Which entrepreneur do you admire the most and why?
We could talk about Ben Francis, who started Gymshark. We could talk about Daymond John, who started FUBU, and I could go even as big as Kevin Plank, who started Under Armour. He was somebody that I studied a lot because when you think about the Nikes of the world, in my lifetime, they were already giants by the time I was born. So it’s hard to really envision the beginnings of Nike. I got to see Under Armour be built in my lifetime.
But then Phil Knight released his memoir “Shoe Dog,” which covers the beginnings of Nike. ... I’ve read that book probably five times, and I’m obsessed with it because the thing that I identify with are these dreamers who have dreams and visions that maybe everybody else can’t see in the beginning, but they’re so focused on it. They believe in it so much that they’re willing to do whatever to make it happen, and then they end up turning into these world-changing things. So I study all of them. Steve Jobs, same thing. People thought he was crazy, but he had these visions he knew he wanted to offer to the world.
So I really can’t choose one, to be honest with you, because there are so many different elements of these different entrepreneurs that I love and study that inspire me.
One of my lead investors, Richelieu Dennis, founded Shea Moisture, and he’s one of the few Black billionaires now. He was in Harlem with his mother selling Shea Moisture out of these bottles on the corner. That’s how he started. So there’s no shortage of inspiration for me when it comes to entrepreneurs.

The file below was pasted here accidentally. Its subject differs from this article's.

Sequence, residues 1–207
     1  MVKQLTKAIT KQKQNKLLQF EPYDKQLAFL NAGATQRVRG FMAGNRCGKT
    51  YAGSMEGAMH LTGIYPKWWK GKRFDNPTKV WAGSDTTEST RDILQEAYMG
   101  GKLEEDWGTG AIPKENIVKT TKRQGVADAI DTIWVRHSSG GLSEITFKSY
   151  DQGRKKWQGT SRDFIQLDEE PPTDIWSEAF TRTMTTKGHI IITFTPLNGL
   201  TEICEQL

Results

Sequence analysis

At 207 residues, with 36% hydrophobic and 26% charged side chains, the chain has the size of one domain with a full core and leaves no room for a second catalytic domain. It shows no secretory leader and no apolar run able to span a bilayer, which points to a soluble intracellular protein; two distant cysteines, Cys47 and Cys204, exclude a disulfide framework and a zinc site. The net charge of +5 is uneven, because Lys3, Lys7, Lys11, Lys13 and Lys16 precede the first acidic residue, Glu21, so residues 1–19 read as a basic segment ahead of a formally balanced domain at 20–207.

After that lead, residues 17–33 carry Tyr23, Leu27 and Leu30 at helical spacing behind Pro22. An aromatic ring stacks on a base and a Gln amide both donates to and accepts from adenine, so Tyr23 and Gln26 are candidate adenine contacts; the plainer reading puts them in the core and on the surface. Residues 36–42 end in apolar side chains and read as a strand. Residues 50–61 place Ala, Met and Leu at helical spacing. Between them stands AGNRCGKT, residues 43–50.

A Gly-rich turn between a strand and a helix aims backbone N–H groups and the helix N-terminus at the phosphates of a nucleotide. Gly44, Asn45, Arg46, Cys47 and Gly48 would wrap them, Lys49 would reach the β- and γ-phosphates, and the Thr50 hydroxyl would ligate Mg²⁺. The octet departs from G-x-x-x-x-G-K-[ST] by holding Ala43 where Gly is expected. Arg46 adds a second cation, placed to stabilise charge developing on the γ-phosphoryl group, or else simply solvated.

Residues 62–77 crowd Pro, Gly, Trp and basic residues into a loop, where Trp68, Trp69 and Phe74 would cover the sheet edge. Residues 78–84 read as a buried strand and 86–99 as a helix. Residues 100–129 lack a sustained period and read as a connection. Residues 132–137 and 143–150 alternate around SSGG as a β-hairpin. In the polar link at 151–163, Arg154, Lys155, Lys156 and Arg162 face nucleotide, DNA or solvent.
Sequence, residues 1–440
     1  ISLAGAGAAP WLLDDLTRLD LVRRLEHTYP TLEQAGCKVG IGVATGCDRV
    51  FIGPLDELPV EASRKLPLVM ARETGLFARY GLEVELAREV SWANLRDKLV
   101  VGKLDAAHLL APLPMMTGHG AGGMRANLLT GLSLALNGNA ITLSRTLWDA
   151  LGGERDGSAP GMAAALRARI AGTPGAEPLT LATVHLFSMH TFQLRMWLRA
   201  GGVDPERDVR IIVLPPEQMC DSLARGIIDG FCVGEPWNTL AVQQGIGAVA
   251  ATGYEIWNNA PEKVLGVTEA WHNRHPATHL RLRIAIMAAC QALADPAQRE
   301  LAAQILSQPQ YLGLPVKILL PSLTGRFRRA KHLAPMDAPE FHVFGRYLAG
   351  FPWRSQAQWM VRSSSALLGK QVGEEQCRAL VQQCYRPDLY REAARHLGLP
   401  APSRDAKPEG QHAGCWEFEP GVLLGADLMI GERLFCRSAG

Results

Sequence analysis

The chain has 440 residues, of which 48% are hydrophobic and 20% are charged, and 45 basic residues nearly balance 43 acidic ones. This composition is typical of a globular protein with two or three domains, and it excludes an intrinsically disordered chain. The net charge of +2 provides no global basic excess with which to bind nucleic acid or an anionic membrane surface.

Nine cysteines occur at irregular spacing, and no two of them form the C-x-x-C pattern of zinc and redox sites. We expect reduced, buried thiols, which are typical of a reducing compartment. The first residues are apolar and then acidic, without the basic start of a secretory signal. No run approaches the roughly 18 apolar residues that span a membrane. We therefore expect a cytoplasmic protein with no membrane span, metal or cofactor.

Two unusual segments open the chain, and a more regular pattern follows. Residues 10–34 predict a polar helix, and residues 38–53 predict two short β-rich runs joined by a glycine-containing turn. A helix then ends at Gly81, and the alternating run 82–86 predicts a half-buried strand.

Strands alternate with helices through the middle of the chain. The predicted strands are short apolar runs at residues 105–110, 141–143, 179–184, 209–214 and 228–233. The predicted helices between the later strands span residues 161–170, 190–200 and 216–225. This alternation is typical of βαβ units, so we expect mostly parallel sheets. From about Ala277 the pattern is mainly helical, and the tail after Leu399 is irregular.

What is the best career advice you’ve gotten?
I wouldn’t call it career advice, more so life advice, and it was given to me more by example than by words. My mother is a country girl from a small town in Louisiana. She was part of a generation that integrated schools and dealt with a lot of the things that came with that. She became one of the top computer programmers in the state of Texas. You’re talking about a Black woman in the early ’80s, being a computer programmer in Texas, in the South, and becoming one of the best computer programmers, one of the top computer programmers, in the entire state. Just that alone is something that inspired me to follow my dreams, man. My mom really instilled this power of dreams inside of me, so that none of my dreams ever felt like they were far-fetched.
Name one brand, other than the one you work for, that you admire.
Nike. They’re the best for a reason from a brand standpoint and from a product standpoint. The way that they tell stories, the way that they market their brand and their product, they’re the best. To this day, I still wear Jordans. There’s an emotional connection to Jordans that I have. I think the most powerful brands are the ones that have that emotional connection with their audience, with their customers, for whatever reason. And Nike does a masterful job of that. And so when I was first starting out, I was telling people I’m trying to build the Black Nike. That was the way that I would try to illustrate to people what I was trying to build.
What is your secret weapon for business success?
The best way to set yourself up for success is to do something that has some meaning and message to it. I think we’re in a time now, with millennials, Gen Z and the next generation, where we see beyond just somebody trying to push a product on us. What does the brand stand for? What does it mean? Who’s behind it? Who are they? These are the questions that our generations are asking. Now it’s all about how do you build an audience and how do you serve that audience with your product or service?
Also, being authentic. One of the reasons we’ve been able to grow so quickly, and our audience and our tribe is so engaged, is they feel like they’re being represented and they’re being spoken to.